SUMMARY OF THE STUDY
This study is from a single high-volume endocrine surgery center in Canada. Pathology reports from December 2004 to February 2013 were evaluated and all follicular variant papillary thyroid cancer specimens were reviewed by the endocrine pathology team to determine whether they met criteria for NIFTP. Excluded from analysis were other variants of papillary thyroid cancer. The primary outcome was spread to the lymph nodes of the neck at the time of diagnosis or during the follow up period or spread to other parts of the body.
A total of 4790 cases of papillary thyroid cancer were reviewed and 102 (2.1%) of cases met the criteria to be reclassified as NIFTP. The majority (77%) of patients were female and the average age was 46.8 years. Most patients (80%) underwent total thyroidectomy and 44% had radioactive iodine therapy. A total of 5 patients had evidence of spread to the lymph nodes at the time of the initial surgery. With an average follow-up of 5.7 years, 1 patient developed distant spread of the cancer to the lungs.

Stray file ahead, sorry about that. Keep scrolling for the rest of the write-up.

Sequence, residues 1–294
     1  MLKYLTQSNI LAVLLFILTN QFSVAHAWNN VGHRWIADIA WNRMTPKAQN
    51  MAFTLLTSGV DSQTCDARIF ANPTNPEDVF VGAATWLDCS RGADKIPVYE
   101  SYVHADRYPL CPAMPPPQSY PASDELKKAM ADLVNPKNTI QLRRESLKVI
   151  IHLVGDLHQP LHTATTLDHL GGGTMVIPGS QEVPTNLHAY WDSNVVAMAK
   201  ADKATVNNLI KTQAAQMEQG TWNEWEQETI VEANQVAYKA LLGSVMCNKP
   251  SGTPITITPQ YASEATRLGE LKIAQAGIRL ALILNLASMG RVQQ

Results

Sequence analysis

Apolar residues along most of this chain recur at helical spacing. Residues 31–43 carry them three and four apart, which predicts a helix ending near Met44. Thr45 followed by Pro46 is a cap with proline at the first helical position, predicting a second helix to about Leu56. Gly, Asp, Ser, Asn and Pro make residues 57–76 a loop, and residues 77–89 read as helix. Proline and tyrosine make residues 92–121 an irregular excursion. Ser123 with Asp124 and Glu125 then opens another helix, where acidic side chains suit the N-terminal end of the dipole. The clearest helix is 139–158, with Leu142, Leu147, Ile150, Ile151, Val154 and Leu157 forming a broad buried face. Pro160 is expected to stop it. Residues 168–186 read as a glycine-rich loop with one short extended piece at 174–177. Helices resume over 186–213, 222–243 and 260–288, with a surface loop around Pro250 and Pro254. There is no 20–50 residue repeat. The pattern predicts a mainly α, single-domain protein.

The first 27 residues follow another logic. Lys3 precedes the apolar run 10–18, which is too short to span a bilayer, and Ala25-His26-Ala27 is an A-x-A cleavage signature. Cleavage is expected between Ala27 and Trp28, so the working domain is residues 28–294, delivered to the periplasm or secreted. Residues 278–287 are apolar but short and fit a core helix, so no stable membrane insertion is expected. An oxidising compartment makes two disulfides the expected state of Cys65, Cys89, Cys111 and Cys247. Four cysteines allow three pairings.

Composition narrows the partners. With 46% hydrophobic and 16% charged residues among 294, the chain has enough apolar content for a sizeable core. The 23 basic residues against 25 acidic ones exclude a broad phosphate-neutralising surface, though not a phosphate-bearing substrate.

WHAT ARE THE IMPLICATIONS OF THIS STUDY?
While this study found that the incidence of NIFTP was lower than previously reported in other studies, the 6% incidence of spread outside of the thyroid is opposite to the reported benign nature of NIFTP. The presence of spread of the lymph nodes in the neck in 5% of this group at diagnosis suggests that more than just the pathology of the tumor should be taken into account before making a diagnosis of NIFTP. This is important as we learn more about the behavior of NIFTP tumors and determine whether we can really consider NIFTP as a benign tumor. More studies are needed to determine the best management strategies for patients with NIFTP.
— Alan P. Farwell, MD, FACE